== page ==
It’s important to note again, palliative care doesn’t mean the patient is dying. It’s about helping people live well with their illness, and by accessing palliative care services early it can have a significant impact on quality of life, and often meaning for children, access to more joy, imagination and play.

The National Cancer Institute found that “patients who received palliative care, along with standard treatment for advanced cancer, reported having a better quality of life and mood than patients who did not receive early palliative care,” and “patients who received early palliative care also scored better on an assessment of their ability to cope with their disease and were more likely to discuss end-of-life care preferences with their healthcare team.” What’s more, pediatric palliative care is family-centered, meaning the whole family benefits and is supported throughout the process.

Integrating Pediatric Palliative Care Into Everyday Life

There are several supports that exist for children with palliative needs and their families, one of which is the Quality of Life & Advanced Care (QoLA Care) at McMaster Children’s Hospital. They serve families affected by serious pediatric health conditions which impact quality of life tailored to the needs of the patient.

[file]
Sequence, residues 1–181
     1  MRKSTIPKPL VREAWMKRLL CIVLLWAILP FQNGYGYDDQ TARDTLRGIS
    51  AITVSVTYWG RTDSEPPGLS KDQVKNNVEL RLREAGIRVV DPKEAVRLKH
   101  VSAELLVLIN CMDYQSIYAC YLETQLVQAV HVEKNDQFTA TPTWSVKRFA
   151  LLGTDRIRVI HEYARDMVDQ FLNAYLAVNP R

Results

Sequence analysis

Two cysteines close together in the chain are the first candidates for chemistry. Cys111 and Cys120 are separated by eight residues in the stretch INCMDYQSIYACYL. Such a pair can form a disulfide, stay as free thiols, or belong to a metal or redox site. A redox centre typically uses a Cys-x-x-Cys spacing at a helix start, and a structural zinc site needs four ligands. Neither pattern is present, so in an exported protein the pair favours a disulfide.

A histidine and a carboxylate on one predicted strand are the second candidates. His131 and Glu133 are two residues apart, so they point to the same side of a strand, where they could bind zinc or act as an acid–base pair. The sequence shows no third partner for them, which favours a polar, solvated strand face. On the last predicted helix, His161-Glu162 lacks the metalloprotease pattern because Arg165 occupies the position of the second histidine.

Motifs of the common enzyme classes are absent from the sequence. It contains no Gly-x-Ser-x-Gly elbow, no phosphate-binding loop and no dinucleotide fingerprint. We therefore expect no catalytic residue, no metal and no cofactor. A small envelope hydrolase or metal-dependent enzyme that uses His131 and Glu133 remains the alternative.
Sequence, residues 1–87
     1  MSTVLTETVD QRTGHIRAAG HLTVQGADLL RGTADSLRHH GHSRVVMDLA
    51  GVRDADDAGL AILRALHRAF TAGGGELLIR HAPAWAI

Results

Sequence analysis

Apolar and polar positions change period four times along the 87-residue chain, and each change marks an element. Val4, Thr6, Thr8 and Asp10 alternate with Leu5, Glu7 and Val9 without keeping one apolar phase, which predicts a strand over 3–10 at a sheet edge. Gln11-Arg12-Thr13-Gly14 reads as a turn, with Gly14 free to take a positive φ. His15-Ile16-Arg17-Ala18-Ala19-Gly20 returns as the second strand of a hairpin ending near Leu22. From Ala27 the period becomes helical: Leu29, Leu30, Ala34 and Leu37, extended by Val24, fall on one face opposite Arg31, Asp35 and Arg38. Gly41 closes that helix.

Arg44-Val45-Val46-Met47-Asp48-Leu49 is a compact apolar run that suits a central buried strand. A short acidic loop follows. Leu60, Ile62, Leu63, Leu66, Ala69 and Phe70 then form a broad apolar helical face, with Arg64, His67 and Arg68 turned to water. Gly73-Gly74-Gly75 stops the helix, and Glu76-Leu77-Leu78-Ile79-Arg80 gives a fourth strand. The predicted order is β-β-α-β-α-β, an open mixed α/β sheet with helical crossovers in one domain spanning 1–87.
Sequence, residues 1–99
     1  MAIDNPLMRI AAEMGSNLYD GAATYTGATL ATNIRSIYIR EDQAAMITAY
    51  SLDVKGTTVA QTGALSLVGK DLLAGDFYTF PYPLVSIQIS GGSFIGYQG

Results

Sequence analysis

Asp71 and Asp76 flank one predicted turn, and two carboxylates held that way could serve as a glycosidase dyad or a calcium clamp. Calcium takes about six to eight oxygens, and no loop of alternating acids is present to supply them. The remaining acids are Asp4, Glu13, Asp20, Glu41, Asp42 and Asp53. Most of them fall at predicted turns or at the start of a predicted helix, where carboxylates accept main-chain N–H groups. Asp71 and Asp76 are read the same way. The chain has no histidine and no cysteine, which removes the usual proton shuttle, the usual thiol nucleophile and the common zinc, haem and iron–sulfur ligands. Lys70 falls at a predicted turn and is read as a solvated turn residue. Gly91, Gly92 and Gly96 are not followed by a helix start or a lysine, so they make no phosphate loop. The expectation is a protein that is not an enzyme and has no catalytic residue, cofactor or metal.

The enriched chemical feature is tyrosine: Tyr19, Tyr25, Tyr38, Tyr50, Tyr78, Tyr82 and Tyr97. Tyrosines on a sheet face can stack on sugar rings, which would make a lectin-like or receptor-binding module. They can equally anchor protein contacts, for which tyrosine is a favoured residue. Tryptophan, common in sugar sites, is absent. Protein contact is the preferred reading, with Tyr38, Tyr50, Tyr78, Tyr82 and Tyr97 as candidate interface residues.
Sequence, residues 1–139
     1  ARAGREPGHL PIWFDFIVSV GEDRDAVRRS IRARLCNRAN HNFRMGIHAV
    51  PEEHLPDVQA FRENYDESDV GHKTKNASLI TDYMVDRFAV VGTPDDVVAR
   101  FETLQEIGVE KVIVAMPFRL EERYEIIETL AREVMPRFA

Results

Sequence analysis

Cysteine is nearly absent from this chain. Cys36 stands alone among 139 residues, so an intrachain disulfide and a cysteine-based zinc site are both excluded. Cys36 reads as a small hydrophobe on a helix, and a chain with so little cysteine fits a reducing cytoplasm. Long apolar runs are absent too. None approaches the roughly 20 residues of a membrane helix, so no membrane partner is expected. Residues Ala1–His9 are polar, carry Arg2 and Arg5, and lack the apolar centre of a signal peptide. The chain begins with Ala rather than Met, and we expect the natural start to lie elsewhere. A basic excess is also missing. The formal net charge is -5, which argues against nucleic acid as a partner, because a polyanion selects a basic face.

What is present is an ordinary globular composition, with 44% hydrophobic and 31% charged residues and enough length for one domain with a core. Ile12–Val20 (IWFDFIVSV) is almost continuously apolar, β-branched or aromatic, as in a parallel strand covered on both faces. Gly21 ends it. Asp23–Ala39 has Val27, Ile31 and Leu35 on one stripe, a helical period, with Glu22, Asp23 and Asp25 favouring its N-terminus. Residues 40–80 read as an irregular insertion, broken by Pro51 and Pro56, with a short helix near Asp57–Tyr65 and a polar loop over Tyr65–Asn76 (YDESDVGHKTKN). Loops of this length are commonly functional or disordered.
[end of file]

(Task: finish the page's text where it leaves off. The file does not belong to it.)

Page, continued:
Care may include:

  • Promotion and facilitation of factors which add to quality of life
  • Anticipation, early recognition, and treatment of factors which detract from quality of life, including physical, psychological, emotional, and spiritual suffering
  • Specific treatment of advanced pain and symptoms
  • Aid for families in identifying family-centered, values-based goals of care, including the creation of advance care plans or birth plans to communicate these goals across the health care system.
  • Support in the coordination and delivery of advanced care interventions in the home when indicated and consistent with goals of care
  • Support for families in decision-making, planning, and comfort care at end-of-life, including emotional support, facilitating family wishes for location of death (home, hospital, hospice), legacy creation, Child Life sibling support, and after-death arrangements.
  • Bereavement support and follow up for families following the loss of a child for the purposes